44 Roger E. Meiners describes the long history of effective use of tort law as a means of protecting individuals against harms caused by pollution in "Elements of Property Rights: The Common Law Alternative" in Yandle, ed., Land Rights, pp. 269-93.

45 Consider a few examples. First is the case of lead poisoning in the Roman Empire. One of the earliest recorded epidemiology reports was of heavy metal poisoning that resulted from use of lead in Roman aqueducts. Second is the case of the "mad hatter," a term that came from the effects of using mercury in the making of felt hats. Third and more recent is the case of cadmium bioamplification in rice and soybeans in Japan; the cadmium was discharged in the effluent from mining operations and eventually worked its way into the food supply. In such cases, uniform strict standards or bans on the handling, use or disposal of these materials might make sense.

However, when these kinds of acute problems appear, the marketplace often moves quickly to eliminate them. For example, after it became clear that vapors from chromium-plating processes resulted in serious health problems for workers, industries found ways of safely containing the vapors. The same evolution occurred among dentists in their use of mercury amalgams. Dentists found ways of minimizing exposures to the mercury vapors created during preparation of the amalgams, and some dentists turned to substitutes. Trade associations, trade unions and professional organizations often promote change by providing safety information to members.

46 Anderson and Leal, Free Market Environmentalism.

47 Sowell wrote that "there is no reason to believe that people will generally make a better set of choices out of a smaller set of options, where the larger set includes all the options in the smaller set." See Sowell, Knowledge and Decisions, p. 128.

48 Robert W. Crandall, "Ackerman and Hassler's Clean Coal/Dirty Air," Bell Journal of Economics 12, Autumn 1981.

49 See Michael Crew and Paul Kleindorfer, The Economics of Public Utility Regulation (Cambridge, MA: MIT Press, 1986); see also Julian Simon, The Ultimate Resource (Princeton, NJ: Princeton University Press, 1981).

50 See Robert Repetto, Skimming the Water (Washington, DC: World Resources Institute, 1986).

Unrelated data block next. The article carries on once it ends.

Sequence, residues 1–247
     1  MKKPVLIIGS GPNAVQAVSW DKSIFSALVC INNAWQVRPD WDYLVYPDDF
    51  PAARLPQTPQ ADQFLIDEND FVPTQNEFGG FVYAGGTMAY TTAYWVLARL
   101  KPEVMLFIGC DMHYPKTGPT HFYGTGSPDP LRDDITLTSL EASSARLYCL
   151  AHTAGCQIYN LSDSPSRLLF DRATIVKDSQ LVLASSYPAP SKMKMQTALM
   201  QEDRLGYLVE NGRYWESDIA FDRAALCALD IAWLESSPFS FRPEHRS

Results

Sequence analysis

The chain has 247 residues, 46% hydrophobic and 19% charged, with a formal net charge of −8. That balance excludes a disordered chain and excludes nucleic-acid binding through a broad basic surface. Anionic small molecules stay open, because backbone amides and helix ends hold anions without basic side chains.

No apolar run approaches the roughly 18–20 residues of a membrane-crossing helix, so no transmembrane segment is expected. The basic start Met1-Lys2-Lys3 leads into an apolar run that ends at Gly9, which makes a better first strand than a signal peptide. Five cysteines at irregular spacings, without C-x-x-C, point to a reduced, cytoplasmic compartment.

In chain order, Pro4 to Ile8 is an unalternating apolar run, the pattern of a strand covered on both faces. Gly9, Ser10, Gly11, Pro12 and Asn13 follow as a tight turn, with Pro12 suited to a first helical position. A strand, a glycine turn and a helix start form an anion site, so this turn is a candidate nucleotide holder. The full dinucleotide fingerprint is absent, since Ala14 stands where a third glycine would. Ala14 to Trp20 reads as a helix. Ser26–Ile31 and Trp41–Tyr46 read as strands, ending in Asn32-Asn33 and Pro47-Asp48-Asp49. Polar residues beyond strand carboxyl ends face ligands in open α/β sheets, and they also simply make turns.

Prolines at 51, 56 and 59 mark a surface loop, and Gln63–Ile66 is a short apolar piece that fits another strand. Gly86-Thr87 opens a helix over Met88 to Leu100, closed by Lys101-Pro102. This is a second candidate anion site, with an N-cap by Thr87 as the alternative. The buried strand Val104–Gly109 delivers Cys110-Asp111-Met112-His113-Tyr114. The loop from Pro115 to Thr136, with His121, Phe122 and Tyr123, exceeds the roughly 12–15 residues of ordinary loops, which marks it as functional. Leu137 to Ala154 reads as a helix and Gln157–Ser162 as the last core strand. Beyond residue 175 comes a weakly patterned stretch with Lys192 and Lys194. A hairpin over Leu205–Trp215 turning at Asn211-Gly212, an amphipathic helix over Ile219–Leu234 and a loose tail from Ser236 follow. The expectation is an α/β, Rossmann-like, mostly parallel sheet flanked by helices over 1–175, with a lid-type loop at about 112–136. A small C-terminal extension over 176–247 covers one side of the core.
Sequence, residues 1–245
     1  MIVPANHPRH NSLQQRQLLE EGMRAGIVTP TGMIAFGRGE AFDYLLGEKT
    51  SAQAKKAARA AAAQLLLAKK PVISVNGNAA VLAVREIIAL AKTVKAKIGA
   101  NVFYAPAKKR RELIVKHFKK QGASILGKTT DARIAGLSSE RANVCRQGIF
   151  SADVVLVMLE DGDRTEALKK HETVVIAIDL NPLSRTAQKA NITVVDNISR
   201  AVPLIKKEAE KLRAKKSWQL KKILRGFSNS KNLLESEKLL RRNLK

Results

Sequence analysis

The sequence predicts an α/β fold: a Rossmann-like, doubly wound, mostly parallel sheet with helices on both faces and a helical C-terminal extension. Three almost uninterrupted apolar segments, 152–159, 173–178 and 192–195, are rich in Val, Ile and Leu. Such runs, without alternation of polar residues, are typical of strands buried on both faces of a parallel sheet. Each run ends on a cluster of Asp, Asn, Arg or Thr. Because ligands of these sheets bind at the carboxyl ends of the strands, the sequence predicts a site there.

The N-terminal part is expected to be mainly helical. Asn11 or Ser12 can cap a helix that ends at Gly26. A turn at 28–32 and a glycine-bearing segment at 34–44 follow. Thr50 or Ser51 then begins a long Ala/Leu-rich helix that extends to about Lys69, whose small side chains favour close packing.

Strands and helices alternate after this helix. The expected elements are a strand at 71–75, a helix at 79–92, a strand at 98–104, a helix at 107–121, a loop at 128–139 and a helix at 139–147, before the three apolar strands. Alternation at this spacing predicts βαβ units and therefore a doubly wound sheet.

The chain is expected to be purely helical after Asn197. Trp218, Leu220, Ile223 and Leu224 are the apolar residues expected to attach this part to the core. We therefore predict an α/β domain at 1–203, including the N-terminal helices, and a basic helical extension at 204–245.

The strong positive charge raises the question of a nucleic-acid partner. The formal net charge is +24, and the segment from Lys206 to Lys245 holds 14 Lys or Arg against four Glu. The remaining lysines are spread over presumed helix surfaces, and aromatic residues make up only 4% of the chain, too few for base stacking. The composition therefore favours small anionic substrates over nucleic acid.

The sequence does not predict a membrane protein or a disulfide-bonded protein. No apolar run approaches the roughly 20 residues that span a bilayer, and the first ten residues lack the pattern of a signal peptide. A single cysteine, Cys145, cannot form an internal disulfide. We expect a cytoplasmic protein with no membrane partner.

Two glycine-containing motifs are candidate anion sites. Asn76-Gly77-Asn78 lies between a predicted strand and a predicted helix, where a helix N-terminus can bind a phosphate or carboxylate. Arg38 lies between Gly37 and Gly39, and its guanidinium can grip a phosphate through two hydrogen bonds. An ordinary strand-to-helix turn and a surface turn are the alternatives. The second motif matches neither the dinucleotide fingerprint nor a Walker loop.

51 Meiners, in Yandle, Land Rights, p. 27.

52 For an excellent discussion of the use of the common law for protecting the environment, see Elizabeth Brubaker, Property Rights in Defense of Nature (London: Earthscan Publications, 1995).

53 Audit protection laws may, however, be required to ensure that problems uncovered through audits, and which are not the consequence of negligence or intent to violate a law, are not cause for fines and other penalties. A number of states now have such audit protection laws.

54 Mike Vivoli, "Putting People Last," CEI Update, November 1992, pp. 1, 3.

55 Environmental Quality, 15th Annual Report of the Council on Environmental Quality (Washington, DC: U.S. Government Printing Office, 1985).

56 Lippke, "Incentives for Managing Landscapes to Meet Non-Timber Goals."

57 See, for example, James M. Holway and Raymond J. Burby, "The Effects of Flood Plain Development Controls on Residential Land Values," Land Economics, August 1990; and Holway and Burby, "Reducing Flood Losses: Local Planning and Land-use Controls," Journal of the American Planning Association, March 22, 1993.

58 As Scott Bush of the National Environmental Policy Institute notes, this would "allow facilities to use an appropriate mix of emission, effluent, and source reduction (pollution prevention) technologies and techniques to meet the environmental goals." See draft "Consensus Objectives," Unified/Organic Statute Sector, Reinventing EPA & Environmental Policy Working Group, National Environmental Policy Institute, Washington, DC.

Read Article as PDF